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Sen. Dianne Feinstein's recent remarks against the Medicare-for-All bill were met with boos and chants of "single-payer now!" (Photo: Getty)

Sen. Dianne Feinstein's recent remarks against the Medicare-for-All bill were met with boos and chants of "single-payer now!" (Photo: Getty)

Feinstein Hosts Industry Fundraiser Days After Dissing Single Payer

Bucking growing momentum in support of a national single-payer system, as well as a trailblazing effort within her home state, Feinstein told voters recently: "I am not there."

Lauren McCauley

To the dismay of her constituents, Sen. Dianne Feinstein's (D-Calif.) refuses to get behind a Medicare-for-All healthcare system. And it just so happens that she has accepted massive contributions from healthcare lobbyists also opposed to such a program, a deep dive into her campaign financing has revealed.

Bucking growing momentum in support of a national single-payer system, as well as a trailblazing effort within her home state, Feinstein told San Francisco voters during a town hall earlier this month: "If single-payer healthcare is going to mean the complete takeover by the government of all healthcare, I am not there."

As Common Dreams reported, her remarks were met with boos and chants of "single-payer now!"

At a second town hall a few days later, when asked if she would sponsor Sen. Bernie Sanders' (I-Vt.) pending Medicare-for-All bill, she dismissed the effort as "a takeover of all medicine in the United States."

On Tuesday, the money in politics watchdog MapLight revealed that less than a week after those raucous meetings, Feinstein attended "a fundraising event at the Washington, D.C., office of Avenue Solutions, a lobbying firm that represents major health insurers, pharmaceutical companies and the primary trade association for doctors."

According to reporter Andrew Perez, "Feinstein supporters at the event were expected to kick in $1,000 to $5,000 for her re-election bid." Meaning that Feinstein, who is running for her fifth full Senate term, pocketed thousands from industry groups historically and vocally opposed to a government-run, universal healthcare system—at the same time that a popular push for such a program has never been stronger.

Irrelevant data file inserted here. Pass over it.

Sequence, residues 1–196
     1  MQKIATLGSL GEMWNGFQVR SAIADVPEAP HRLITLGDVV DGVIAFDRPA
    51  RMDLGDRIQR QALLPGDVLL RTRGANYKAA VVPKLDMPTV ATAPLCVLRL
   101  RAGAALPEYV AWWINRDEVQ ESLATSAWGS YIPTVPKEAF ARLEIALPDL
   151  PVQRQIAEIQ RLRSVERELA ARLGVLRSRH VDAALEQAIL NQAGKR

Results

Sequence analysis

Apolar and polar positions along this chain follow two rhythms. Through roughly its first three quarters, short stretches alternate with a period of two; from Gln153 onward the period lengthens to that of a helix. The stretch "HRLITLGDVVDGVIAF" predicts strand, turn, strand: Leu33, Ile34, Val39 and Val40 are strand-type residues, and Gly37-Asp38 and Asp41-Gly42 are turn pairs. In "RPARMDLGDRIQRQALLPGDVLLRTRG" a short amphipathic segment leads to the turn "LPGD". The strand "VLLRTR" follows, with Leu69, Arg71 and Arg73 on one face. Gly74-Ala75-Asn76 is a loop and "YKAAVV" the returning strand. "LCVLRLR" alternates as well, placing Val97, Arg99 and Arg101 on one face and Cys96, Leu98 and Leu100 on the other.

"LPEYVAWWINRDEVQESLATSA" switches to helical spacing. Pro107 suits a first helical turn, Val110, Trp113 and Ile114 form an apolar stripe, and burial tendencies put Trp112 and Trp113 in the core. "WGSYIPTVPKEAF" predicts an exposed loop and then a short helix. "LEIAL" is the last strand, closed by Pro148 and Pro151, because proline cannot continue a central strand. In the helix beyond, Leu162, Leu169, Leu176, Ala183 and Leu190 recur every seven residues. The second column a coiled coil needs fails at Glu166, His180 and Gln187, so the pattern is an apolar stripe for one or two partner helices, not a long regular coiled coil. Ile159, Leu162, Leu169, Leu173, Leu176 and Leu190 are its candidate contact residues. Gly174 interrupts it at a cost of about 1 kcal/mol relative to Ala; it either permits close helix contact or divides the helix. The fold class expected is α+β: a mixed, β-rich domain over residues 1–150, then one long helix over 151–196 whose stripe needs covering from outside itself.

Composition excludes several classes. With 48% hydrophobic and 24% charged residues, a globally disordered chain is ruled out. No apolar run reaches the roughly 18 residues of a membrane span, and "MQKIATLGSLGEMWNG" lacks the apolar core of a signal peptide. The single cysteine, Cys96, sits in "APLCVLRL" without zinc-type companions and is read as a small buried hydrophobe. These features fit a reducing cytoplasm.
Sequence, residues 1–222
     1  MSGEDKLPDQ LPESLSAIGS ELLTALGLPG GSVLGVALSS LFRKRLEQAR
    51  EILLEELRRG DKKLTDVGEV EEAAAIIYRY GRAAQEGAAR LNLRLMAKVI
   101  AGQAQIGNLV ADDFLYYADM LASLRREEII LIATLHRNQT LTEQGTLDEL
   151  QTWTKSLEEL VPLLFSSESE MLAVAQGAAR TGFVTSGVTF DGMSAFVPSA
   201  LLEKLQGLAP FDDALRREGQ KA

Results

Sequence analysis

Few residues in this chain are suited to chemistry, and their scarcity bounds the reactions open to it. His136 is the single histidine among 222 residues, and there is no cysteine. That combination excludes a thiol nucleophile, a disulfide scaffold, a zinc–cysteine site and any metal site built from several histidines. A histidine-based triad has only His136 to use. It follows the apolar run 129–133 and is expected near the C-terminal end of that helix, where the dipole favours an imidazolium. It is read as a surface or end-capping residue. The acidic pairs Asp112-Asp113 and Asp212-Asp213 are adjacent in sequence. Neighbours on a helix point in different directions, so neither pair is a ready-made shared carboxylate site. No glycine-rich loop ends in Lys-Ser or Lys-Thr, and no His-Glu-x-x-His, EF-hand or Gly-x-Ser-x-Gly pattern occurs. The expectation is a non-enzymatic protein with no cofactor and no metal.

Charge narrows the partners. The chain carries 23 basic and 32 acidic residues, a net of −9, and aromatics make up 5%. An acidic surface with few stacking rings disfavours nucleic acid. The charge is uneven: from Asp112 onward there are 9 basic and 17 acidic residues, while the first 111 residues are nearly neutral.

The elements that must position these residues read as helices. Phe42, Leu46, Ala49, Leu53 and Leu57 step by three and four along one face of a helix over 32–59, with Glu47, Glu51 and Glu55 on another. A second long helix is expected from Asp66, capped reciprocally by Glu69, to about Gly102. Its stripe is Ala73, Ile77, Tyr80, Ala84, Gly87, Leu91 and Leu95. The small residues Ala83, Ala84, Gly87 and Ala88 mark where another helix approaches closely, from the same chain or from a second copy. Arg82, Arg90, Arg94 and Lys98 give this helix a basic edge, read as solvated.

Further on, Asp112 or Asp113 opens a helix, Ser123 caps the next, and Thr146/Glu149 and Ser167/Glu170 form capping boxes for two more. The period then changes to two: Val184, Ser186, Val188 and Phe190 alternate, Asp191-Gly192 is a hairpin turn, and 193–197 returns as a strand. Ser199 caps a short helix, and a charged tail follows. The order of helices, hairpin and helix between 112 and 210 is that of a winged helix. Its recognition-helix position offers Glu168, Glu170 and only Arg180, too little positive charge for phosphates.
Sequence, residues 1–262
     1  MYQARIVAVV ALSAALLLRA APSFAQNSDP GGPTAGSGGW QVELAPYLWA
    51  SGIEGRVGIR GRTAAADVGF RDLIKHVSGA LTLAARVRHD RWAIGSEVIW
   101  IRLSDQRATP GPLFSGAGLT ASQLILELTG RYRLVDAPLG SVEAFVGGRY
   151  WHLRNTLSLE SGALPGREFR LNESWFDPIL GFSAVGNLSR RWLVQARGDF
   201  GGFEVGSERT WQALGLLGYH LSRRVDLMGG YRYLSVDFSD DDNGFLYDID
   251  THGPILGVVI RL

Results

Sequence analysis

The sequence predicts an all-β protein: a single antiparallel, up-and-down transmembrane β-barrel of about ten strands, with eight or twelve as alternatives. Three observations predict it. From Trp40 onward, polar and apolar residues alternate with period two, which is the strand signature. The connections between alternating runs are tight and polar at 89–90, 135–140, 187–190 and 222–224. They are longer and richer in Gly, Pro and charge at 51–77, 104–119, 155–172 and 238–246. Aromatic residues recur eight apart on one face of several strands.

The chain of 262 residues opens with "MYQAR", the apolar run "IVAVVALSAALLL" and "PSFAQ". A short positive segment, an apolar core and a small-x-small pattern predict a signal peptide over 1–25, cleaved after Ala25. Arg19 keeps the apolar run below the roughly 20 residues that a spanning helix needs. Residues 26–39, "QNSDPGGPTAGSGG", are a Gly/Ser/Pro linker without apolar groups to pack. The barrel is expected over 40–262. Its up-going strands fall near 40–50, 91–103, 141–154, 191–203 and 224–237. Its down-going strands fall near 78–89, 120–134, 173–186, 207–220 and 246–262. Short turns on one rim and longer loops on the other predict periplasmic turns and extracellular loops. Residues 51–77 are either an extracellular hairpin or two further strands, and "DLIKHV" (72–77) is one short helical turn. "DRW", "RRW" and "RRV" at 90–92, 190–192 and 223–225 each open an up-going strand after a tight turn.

Last month, an Economist/You Gov poll (pdf) found that 61 percent of Americans say they support "creating a federally funded health insurance system that covered every American." At the same time, legislation to create such a program has reached a record 104 co-sponsors in the U.S. House.

According to MapLight's review of campaign finance data, Feinstein has raised over $592,000 from lobbyists and political action committees since 2013. From January to March alone, her campaign committee has $655,822 in donations, more than $180,000 of which came from lobbyists and political action groups. Notably, Perez reports, "Her campaign saw substantial support from the healthcare industry during that time."

He continues:

Recent donors to Feinstein include former Democratic Senate Majority Leader Tom Daschle, who lobbies for Blue Cross Blue Shield Association; Brian Griffin, who represents  the Pharmaceutical Research and Manufacturers of America (PhRMA); and Fred Graefe, who lobbies for the Federation of American Hospitals. She also received donations from political action committees run by PhRMA and pharmaceutical companies Merck & Co., Amgen, and AbbVie.

During her previous re-election campaign, the senior U.S. senator from California raised nearly $10 million, MapLight notes, with lobbyists comprising the "fifth-largest source of campaign revenue."


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